Would a plastic-surgeon Lego set be OK?
Oh sure, Mitt Romney and his taxes is big news. Along with Newt Gingrich's rise to the top of the GOP presidential race. And of course there's President Obama’s State of the Union speech.
But for really big news -- albeit in a small package -- nothing beats sexist Legos.
Perhaps you missed that story. Certainly the mainstream media has allowed Romney, Gingrich and Obama to skate on the whole issue.
Here it is in a nutshell:
Denmark-based Lego Group has introduced a Lego Friends line of toys for girls, which includes a Butterfly Beauty Shop and a Your Fashion Designer Workshop. The company said the line was in response to consumer demand.
Another response, though, came from groups such as the International Assn. of Eating Disorder Professionals, which said the toys were "devoid of imagination and promote overt forms of sexism."
Even someone from Malibu weighed in:
The new line, whose characters sport slim figures and stylish clothes, will contribute to gender stereotyping that promotes body dissatisfaction in girls, said Carolyn Costin, an eating disorders specialist and founder of the Monte Nido Treatment Center in Malibu.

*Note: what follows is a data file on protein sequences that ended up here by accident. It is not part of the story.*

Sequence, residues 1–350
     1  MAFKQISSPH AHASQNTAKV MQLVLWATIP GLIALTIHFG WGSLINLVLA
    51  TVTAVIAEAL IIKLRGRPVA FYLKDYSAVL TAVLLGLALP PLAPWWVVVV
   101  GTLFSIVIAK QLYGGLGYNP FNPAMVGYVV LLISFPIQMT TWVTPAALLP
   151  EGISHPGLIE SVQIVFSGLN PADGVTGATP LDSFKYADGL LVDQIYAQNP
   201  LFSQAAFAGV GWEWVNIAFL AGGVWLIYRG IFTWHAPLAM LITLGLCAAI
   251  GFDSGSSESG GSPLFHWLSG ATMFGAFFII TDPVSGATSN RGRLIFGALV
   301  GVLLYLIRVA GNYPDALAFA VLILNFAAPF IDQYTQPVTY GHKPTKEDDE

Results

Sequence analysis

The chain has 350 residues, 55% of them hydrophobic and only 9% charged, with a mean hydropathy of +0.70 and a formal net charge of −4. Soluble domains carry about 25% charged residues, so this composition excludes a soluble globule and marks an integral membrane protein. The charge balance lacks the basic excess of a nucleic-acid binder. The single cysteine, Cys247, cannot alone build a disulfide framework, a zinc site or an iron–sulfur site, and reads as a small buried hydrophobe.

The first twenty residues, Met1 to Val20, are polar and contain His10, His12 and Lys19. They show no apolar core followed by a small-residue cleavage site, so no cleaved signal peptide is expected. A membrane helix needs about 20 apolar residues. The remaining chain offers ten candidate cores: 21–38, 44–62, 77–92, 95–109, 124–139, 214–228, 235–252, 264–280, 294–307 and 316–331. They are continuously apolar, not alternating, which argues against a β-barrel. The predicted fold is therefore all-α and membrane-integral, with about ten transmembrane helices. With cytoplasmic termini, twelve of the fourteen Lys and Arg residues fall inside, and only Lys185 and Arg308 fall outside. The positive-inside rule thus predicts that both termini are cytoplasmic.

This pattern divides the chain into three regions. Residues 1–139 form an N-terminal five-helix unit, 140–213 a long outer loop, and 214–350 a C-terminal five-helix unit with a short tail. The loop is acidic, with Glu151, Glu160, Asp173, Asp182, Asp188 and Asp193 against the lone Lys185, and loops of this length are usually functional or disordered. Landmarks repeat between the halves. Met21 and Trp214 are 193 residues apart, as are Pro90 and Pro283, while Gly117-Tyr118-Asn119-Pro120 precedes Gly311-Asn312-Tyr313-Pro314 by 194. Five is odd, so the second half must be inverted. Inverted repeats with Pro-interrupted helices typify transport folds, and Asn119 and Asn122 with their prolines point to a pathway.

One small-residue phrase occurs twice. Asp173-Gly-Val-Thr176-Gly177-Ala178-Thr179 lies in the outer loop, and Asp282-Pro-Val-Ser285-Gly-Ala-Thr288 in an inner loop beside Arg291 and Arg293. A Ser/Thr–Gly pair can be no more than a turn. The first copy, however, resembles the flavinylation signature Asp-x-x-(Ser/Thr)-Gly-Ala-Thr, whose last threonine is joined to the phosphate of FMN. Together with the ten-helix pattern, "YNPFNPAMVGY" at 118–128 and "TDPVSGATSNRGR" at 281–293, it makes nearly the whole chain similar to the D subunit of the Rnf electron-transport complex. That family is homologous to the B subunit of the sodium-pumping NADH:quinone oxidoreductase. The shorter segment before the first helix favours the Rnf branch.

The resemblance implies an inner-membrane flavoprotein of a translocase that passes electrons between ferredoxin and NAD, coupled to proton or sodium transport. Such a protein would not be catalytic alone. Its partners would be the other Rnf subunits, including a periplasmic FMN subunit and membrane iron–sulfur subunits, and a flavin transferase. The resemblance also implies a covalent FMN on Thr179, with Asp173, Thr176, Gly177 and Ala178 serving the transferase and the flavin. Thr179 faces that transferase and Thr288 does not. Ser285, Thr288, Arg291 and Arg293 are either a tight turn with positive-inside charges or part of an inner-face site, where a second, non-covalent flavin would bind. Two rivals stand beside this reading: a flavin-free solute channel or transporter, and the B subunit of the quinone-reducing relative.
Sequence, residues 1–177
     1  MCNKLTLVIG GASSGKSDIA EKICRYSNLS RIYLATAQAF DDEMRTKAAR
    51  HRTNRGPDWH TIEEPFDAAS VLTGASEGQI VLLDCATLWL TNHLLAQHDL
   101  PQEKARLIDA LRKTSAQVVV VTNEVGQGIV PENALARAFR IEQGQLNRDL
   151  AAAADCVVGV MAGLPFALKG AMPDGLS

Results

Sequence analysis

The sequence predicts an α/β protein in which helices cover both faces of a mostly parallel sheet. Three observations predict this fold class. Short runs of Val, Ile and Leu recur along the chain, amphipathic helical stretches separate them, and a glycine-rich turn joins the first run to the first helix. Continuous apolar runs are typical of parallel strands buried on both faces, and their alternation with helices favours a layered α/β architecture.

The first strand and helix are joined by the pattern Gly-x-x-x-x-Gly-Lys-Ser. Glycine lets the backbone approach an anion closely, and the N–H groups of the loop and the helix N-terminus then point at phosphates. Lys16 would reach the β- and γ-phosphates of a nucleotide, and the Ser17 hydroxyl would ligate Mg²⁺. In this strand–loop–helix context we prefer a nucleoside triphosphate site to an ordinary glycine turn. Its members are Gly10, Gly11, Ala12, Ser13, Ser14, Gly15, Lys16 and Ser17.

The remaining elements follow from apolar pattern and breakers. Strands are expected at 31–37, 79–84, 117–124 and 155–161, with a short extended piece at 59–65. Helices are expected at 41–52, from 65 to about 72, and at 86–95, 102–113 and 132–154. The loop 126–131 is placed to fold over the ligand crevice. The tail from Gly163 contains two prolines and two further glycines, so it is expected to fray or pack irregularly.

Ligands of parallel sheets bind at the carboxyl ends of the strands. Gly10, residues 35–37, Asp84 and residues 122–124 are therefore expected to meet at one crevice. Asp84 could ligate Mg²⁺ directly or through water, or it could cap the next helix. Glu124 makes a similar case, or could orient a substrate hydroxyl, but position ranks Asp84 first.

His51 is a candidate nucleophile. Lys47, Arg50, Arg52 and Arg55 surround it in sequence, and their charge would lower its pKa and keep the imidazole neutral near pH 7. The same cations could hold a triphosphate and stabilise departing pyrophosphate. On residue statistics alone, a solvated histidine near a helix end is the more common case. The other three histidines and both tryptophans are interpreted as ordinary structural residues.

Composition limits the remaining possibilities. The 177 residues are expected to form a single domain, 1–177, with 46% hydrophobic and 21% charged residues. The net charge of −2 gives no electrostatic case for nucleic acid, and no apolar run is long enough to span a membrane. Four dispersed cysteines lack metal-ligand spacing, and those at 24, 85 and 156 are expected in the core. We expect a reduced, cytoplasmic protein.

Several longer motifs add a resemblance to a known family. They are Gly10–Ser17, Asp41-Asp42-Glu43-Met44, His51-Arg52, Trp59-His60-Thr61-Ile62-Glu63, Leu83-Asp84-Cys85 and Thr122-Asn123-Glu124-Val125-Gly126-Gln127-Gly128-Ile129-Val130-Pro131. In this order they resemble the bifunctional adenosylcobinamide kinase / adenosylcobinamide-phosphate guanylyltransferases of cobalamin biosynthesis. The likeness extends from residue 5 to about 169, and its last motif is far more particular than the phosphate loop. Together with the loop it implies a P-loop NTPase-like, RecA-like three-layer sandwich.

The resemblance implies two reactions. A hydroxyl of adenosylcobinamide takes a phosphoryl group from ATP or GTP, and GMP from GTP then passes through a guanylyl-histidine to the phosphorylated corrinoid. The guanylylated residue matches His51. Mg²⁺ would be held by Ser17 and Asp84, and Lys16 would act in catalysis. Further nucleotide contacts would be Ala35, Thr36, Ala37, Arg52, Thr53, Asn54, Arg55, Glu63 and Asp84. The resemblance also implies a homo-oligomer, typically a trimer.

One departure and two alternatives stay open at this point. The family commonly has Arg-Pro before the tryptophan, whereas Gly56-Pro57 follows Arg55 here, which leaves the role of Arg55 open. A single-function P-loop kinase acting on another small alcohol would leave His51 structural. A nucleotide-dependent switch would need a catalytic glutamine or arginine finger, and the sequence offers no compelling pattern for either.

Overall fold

The toys send girls a message "that being pretty is more important than who you are or what you can do," Costin said in a statement.
Now, I'm not going to tell you that Legos are without faults.
For example, what parent hasn’t cursed Denmark after stepping on one of those little pieces in his or her bare feet? Who hasn't known the sick feeling of completing a Star Wars Death Star only to have your kid notice the six pieces left over? Who doesn't have a tub full of Legos in the garage, poignant reminders that your children are grown and you spent a fortune on stuff they no longer care about?
And let's not even think about that parental torture chamber of a theme park.
But when someone from Malibu, of all places, is alarmed that a toy is telling girls "that being pretty is more important than who you are or what you can do" -- well, all I can say is: Stop pulling my tiny square plastic legs!
Are they really sexist? Is Barbie? Is Ken? Is GI Joe? (OK, I'm willing to give you those three.)
But what's so wrong with a beauty salon? The woman who cuts my hair owns a nice home with a pool, and two nice cars, and a boat, and an RV, and has two kids she's putting through college. (And neither she nor her kids seem to have body image issues.)
My bottom line on the new Lego ladies? They're toys. If you don't like them, don't buy them.
And if you want to buy your daughter a Barbie and let her dress it like a hooker, that's OK. Or, if you want to buy her a train set, or your son an Easy-Bake Oven, I say go for it.
And if you want to buy Legos: Well, I have a tub full in my garage that I'll make you a good deal on.
-- Paul Whitefield